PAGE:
That’s the analogy that I want to use. It’s going to take some time. Now when you plant the seeds for new behaviors, just trust that when you’re planting the seeds and you’re doing all you can in the initial part of it, that it’s going to produce some fruit. Sometimes depending on the seed, it will take longer for it and sometimes you will receive fruit right away. 

The important thing is to go back and just nurture it along the way in order to help that seed find its roots and actually start to produce. How long does it take? It depends on what you’re teaching. Your child’s ability to adopt that, but also just learn to be patient with the process. Trust that what you’re doing is right and just be consistent over time. You’re going to see that it’s producing fruit for you, an effective fruit that will be super helpful for you.

As we visit the the pillars, I talked about relationships before in this podcast and at this point we’re talking about when. When do you teach to negative behaviors? I’ve already stated that you want to address them as soon as you start to notice something is off. You’re going to find that it may sound like you’re a little bit naggy, but that nagginess will help define their boundaries on how far they can push things. 

After a while they’ll know, “That’s the point and I can’t go any further than that because I will be corrected on that,” and that you won’t have to do that. I’m saying naggy because it depends on the person. Kids, that’s the word kids uses like, “Oh my parents are a nag. They’re nagging me.” Yeah, they’re nagging you because they’re correcting a behavior right away without waiting for it to escalate and become more difficult to deal with. That actually will save you a lot of time.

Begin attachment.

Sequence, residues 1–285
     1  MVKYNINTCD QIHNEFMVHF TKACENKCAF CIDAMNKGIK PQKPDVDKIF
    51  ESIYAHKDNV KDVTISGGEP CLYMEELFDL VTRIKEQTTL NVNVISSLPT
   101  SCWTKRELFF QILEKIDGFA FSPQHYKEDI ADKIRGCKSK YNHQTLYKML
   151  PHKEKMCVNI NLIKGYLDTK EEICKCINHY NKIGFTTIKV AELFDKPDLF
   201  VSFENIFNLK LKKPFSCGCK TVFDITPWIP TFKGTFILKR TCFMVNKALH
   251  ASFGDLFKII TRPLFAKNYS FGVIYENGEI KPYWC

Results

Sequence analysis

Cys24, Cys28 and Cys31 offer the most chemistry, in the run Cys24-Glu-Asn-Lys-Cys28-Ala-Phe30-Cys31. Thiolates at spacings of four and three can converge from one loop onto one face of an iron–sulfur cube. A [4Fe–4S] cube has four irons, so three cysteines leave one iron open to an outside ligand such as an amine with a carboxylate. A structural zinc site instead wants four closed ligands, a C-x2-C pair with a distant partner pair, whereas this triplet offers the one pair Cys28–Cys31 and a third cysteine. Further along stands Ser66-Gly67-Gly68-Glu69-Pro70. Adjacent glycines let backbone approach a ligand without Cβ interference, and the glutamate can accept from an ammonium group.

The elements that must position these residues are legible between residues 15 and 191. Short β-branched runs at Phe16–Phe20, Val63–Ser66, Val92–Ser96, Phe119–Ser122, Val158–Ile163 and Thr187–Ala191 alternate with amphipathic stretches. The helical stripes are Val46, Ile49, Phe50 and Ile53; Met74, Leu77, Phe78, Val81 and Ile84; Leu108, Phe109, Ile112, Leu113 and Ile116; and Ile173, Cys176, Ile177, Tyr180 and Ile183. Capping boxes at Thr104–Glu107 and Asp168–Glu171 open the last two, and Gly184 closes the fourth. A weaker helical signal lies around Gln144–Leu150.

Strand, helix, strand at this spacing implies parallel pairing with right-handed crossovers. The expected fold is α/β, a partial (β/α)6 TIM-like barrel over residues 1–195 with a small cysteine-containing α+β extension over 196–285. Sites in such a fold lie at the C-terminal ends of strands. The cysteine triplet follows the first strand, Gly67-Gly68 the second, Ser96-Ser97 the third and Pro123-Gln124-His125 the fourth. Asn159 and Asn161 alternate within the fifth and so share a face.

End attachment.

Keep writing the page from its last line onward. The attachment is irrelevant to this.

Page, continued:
We’ve also answered the question of how long it takes. And again, it all depends. Remember you are planting for the longterm changes that you want to see happen with your child. So investing that time upfront is going to save you a ton of time. Ton of time later on as they get older. Now if your child is older, plant those seeds anyway and see what comes up. So that’s it for me for this week and this time during our podcast. Super excited to be sharing all this information with you guys. You can find more information on the Smarter Parenting website, but I suggest you visit the Teaching-Family Model website because they have a lot of information about their history, things that they’ve done.

You can find that there’s a whole association that’s involved as well and different agencies that are using this Model to help save lives, including Boys Town, which is probably one of those really well-known agencies. They’re using this model to help change the lives of the people that they’re working with, the kids that they’re working with. So we know it can work with you. We’ve seen it work with so many kids and we’re happy to share it with you. All right. That’s it for me. Feel free to leave a five-star rating wherever you’re listening to this podcast and I look forward to talking to you again soon. Okay, thanks. Bye.

Episode 26: Relationships–the Why of the Teaching-Family Model

Episode 41: When do I need ADHD Parenting Coaching?

Episode 43: What parents need to teach–behavior skills

Why it’s important to have low parenting tolerances

When parents don’t parent the same

The Teaching-Family Model

Our Teaching-Family Model Family

The Teaching-Family Association

Behavior skills of the Teaching-Family Model

Free 15-minute ADHD coaching mini-session

Siope Kinikini

ADHD parenting coach Siope Lee Kinikini, LCMHC, is a mental health professional who has worked with hundreds of ADHD families. As someone with ADHD, he knows what your child is going through and is able to help you understand what they need. He is married and has a wonderful teenage daughter.